1 (CSA) Thomas Overton Moore ThomasOvertonMoore.jpg April 24, 1862 January 25, 1864 Democratic Henry M. Hyams (Democratic)
17 (2 CSA) Henry Watkins Allen HWAllen.jpg January 25, 1864 June 2, 1865 Democratic [6] Benjamin W. Pearce (Democratic)

Governors of Union-held territory in Louisiana[edit]

No. Name Picture Took Office Left Office Party Notes Lieutenant Governor
18 (USA) George Foster Shepley George F Shepley.jpg July 2, 1862 March 4, 1864 Military vacant
19 (USA) Michael Hahn Michael Hahn.jpg March 4, 1864 March 4, 1865 Republican [7] James Madison Wells (Republican)

Reconstruction Era (Governors subordinate to U.S. military rule)[edit]

No. Name Picture Took Office Left Office Party Notes Lieutenant Governor
20 James Madison Wells James Madison Wells.jpg March 4, 1865 June 3, 1867[8] Republican [9][10] Albert Voorhies (Republican)
21 Benjamin Franklin Flanders Benjamin Franklin Flanders.jpg June 8, 1867[11] January 8, 1868 Republican [12][13] None
22 Joshua Baker Joshua Baker.jpg January 8, 1868 June 27, 1868 Democratic (Unionist) [12][14] None

Post-Reconstruction[edit]

No. Name Picture Took Office Left Office Party Notes Lieutenant Governor
23 Henry Clay Warmoth Henry Clay Warmoth.jpg June 27, 1868 December 9, 1872 Republican [15] Oscar J. Dunn (Republican) 1868-1872
P. B. S. Pinchback (Republican) 1872-1873
24 P. B. S. Pinchback P. B. S. Pinchback - Brady-Handy.jpg December 29, 1872 January 13, 1873 Republican [9] vacant
25 John McEnery John McEnery.jpg January 13, 1873 May 22, 1873 Democratic; Liberal Republican [16] Davidson B. Penn (Democratic; Liberal Republican)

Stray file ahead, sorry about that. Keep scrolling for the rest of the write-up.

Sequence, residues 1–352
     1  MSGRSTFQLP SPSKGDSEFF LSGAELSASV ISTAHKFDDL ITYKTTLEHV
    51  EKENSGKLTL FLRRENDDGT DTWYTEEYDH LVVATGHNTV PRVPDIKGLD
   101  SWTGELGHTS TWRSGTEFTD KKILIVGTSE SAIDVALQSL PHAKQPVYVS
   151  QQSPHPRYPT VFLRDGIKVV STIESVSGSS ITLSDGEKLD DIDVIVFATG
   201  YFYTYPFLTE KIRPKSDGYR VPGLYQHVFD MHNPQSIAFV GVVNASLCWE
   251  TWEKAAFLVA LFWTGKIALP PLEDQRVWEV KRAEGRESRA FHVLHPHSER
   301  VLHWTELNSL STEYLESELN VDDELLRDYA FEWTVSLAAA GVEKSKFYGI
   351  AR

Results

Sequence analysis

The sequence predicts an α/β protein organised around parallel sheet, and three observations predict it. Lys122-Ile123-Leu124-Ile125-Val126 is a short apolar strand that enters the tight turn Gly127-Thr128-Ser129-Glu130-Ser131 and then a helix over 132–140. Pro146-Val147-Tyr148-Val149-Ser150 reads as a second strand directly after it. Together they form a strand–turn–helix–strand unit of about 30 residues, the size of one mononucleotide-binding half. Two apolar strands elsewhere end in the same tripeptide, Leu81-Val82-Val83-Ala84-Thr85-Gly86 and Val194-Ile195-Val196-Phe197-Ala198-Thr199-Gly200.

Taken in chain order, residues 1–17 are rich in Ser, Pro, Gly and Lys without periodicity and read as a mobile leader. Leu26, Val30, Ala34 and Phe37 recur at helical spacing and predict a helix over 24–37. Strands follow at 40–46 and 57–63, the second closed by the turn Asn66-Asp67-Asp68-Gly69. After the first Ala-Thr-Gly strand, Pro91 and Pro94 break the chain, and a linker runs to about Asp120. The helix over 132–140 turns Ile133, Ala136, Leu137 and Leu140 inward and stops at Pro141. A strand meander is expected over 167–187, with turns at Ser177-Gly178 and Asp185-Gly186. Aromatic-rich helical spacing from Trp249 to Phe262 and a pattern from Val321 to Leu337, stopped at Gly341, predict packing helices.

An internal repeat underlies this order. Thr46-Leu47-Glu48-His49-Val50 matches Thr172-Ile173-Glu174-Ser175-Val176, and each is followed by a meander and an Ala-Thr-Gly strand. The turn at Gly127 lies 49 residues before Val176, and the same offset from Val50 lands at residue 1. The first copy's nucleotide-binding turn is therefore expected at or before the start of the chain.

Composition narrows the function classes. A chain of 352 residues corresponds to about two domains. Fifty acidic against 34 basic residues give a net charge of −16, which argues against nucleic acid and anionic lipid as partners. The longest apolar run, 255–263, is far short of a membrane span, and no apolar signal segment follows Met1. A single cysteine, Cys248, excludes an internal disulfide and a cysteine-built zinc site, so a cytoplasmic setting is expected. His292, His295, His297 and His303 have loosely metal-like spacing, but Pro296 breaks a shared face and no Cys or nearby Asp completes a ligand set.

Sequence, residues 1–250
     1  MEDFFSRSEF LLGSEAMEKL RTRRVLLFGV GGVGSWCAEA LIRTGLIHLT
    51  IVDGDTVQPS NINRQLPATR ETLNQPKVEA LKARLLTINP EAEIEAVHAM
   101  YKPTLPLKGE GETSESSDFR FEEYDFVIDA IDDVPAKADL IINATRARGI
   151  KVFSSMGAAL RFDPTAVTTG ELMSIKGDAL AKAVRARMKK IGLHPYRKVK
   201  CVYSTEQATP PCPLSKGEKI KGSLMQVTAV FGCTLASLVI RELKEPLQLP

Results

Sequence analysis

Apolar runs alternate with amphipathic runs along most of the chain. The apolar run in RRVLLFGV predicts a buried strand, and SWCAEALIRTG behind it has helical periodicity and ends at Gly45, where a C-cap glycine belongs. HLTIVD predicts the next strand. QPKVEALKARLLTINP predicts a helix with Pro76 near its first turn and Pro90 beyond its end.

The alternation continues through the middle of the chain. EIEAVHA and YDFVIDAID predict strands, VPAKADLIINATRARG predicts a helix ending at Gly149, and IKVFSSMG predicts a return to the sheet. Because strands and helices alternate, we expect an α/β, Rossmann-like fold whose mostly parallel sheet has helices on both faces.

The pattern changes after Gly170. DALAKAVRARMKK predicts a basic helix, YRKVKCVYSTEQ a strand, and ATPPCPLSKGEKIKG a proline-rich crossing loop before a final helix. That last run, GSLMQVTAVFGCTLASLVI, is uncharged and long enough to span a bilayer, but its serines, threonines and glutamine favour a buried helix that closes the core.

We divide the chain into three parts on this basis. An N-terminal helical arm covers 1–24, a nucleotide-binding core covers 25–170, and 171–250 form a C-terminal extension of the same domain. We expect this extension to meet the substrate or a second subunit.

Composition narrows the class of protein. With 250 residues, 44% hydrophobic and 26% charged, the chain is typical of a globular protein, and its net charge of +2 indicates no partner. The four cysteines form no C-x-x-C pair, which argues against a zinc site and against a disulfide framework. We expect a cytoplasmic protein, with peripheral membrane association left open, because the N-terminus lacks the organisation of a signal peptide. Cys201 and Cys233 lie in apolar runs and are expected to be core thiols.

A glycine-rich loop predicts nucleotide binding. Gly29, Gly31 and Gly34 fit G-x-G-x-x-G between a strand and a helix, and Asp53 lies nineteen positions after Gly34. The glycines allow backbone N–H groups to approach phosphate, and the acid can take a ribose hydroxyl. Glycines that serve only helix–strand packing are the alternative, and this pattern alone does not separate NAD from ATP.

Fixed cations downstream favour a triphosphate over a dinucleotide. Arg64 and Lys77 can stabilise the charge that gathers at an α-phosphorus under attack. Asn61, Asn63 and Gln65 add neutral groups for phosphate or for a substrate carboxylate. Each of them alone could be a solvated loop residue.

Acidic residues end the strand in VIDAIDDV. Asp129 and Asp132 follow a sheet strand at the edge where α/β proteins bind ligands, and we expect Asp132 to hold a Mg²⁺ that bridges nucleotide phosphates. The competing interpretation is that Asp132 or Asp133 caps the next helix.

26 William Pitt Kellogg William P. Kellogg - Brady-Handy.jpg May 22, 1873 January 8, 1877 Republican [16] C.C. Antoine (Republican)
27* Stephen B. Packard Stephen B. Packard - History of Iowa.jpg January 8, 1877 April 24, 1877 Republican [17] C.C. Antoine (Republican)
28 Francis Tillou Nicholls Francis Tillou Nicholls.jpg April 24, 1877 January 14, 1880 Democratic [18] Louis A. Wiltz (Democratic)
29 Louis Alfred Wiltz Louis Alfred Wiltz.jpg January 14, 1880 October 16, 1881 Democratic [4] Samuel D. McEnery (Democratic)
30 Samuel Douglas McEnery Samuel Douglas McEnery.jpg October 16, 1881 May 20, 1888 Democratic [19] W.A. Robertson (Democratic) 1881
George L. Walton (Democratic) 1881-1884
Clay Knobloch (Democratic) 1884-1888
Francis Tillou Nicholls Francis Tillou Nicholls.jpg May 20, 1888 May 10, 1892 Democratic James Jeffries (Democratic)
31 Murphy James Foster, Sr. Murphy James Foster.jpg May 10, 1892 May 8, 1900 Democratic [20] Charles Parlange (Democratic) 1892-1894
Hiram R. Lott (Democratic) 1894-1896
Robert H. Snyder (Democratic) 1896-1900
32 William Wright (W. W.) Heard William Wright Heard.jpg May 8, 1900 May 10, 1904 Democratic Albert Estopinal (Democratic)
33 Newton Crain Blanchard Newton Crain Blanchard.jpg May 10, 1904 May 12, 1908 Democratic Jared Y. Sanders, Sr. (Democratic)
34 Jared Young Sanders, Sr. Jared Young Sanders.jpg May 12, 1908 May 14, 1912 Democratic [21] Paul M. Lambremont (Democratic)
35 Luther Egbert Hall Luther Egbert Hall - Gouverneur von Louisiana.jpg May 14, 1912 May 9, 1916 Democratic Thomas C. Barrett (Democratic)
36 Ruffin Golson Pleasant Ruffin Golson Pleasant.jpg May 9, 1916 May 11, 1920 Democratic Fernand Mouton (Democratic)
37 John Milliken Parker GovJohnParker.jpg May 11, 1920 May 13, 1924 Democratic Hewitt Bouanchaud (Democratic) 1920-1924